Both villians end up joining a government organization to battle crime and be the "good guys" for a change. One of them double-crosses the feds. The stories in each of these issues surpasses the quality in the main storyline that surrounded or predated them. It just shows that, sometimes, a good villian is better than a good hero, especially when it comes to "why" they became as they did.

Finally..."it's been said" that I only give at least a "good"review to the comics I list here. That's probably true since I always buy comics that I know I'll enjoy. I mean...why waste time on crappy comics? And brother, I've read a LOT crappy comics! But believe me; IF I read something I don't think is worth your time and bucks, I'll be the first to tell you about it.

Monday, September 08, 2008

Post No. 546"

I think every comic book collector has at least one of those quirky sort of titles they like to read. Something another collector would probably make fun of and think worthless.

For myself, it's always been the Gold Key/Whitman Super Goof.

Super Goof first appeared in Gold Key's The New Adventures of The Phantom Blot (an old Mickey Mouse villian) #2, in early 1965. And, the character of course, was Walt Disney's "Goofy" (the dog) who in this first appearance as a super-powered being gained his powers by accidently drinking a glass of chemicals concocted by that wacky inventor, "Gyro Gearloose". Obviously, Super Goof was a hit because it wasn't very long at all, Oct.(cover date),'65 in fact, that Gold Key gave him his own title.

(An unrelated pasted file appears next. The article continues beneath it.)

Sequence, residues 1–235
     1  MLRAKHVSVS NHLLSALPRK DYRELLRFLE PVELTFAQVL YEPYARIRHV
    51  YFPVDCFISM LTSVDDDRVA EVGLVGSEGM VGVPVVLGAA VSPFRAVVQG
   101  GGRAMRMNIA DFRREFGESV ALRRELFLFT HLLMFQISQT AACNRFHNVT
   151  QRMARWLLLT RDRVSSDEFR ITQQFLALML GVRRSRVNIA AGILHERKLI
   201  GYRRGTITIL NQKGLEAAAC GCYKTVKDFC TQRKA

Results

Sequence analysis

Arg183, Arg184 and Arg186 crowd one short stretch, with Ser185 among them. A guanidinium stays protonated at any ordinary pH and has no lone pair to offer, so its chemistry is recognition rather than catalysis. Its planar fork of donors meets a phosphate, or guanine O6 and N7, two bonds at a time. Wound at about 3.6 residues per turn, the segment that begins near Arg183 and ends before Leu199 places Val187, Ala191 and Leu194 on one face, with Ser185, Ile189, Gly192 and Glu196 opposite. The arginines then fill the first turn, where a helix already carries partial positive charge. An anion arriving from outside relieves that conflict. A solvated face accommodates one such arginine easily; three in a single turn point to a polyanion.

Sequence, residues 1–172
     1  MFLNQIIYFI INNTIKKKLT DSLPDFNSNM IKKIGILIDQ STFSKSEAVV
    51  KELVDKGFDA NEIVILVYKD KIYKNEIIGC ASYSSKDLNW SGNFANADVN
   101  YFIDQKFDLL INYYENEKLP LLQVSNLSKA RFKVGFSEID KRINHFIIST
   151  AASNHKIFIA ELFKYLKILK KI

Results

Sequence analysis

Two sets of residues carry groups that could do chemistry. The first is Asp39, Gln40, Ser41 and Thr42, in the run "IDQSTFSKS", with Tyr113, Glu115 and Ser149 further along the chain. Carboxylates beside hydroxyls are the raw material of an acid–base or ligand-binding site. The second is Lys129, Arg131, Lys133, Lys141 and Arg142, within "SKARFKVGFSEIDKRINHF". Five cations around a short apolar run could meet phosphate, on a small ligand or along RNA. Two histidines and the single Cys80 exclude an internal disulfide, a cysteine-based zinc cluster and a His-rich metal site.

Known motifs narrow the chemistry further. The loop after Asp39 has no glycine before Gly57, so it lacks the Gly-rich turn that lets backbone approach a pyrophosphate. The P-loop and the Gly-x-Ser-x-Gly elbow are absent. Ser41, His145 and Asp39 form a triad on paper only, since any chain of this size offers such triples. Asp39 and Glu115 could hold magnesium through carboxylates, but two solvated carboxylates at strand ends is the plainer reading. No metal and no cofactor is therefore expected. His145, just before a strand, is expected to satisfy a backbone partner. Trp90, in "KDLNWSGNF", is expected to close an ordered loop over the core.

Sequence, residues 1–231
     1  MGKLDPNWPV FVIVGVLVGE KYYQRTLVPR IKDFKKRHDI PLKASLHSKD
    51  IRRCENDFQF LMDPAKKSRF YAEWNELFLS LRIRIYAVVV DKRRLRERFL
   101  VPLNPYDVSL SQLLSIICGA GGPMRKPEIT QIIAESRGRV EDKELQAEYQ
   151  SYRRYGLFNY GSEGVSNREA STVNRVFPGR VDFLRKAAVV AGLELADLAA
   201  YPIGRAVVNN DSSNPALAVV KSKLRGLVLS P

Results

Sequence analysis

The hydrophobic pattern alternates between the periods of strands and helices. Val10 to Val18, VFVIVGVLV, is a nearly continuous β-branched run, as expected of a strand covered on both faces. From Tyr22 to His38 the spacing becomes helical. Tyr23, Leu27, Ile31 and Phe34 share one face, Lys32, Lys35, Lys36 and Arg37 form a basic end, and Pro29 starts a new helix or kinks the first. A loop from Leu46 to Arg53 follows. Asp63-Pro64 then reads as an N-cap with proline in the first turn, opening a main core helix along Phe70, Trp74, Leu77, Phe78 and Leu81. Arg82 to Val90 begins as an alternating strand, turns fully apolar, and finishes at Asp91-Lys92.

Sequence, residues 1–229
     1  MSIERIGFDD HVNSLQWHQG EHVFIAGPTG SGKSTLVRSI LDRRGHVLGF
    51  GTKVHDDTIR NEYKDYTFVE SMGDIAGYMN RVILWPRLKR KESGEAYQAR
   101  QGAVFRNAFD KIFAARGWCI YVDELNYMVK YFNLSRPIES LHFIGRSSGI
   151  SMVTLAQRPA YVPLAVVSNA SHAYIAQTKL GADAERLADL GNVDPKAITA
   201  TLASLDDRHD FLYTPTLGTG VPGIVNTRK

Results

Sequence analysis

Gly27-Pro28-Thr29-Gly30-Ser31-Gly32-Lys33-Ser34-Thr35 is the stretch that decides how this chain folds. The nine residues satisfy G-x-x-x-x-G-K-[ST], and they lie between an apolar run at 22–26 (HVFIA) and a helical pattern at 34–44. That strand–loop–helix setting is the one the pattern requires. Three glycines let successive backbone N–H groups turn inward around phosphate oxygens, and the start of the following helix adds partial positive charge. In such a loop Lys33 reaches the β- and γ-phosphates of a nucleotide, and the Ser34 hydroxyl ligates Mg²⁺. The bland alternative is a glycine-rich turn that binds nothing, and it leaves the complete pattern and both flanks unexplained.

Between these issues, his appearance and origin changed somewhat. Originally in PB 2 he wore just the red longjohns with a white "G" on his chest, and a blue cape. By SG #1 he reacquired that silly "Goofy hat", probably just because the Disney readers more identified him with such. And in Super Goof #1, his powers originated from peanuts he'd eaten, grown in his backyard garden. This later became the infamous Super Goober he'd eat when he wanted to change from Goofy to Super Goof. The powers would last for a while, then he'd have to down another 'nut.

He also looked differently on the cover of PB #2 than he did in the Super Goof title, as in that first app. the colorist reversed the red and blue on his cape and 'johns (although on the interior story they were the same as in SG #1).

SG's powers were pretty much just like Superman's, naturally, since that's the character he was spoofing. He had the usual super strength, telescopic vision, flying, invunerability, etc., etc. And all from eating a peanut. (And no, I won't go so low as to say he really got a nut from that!)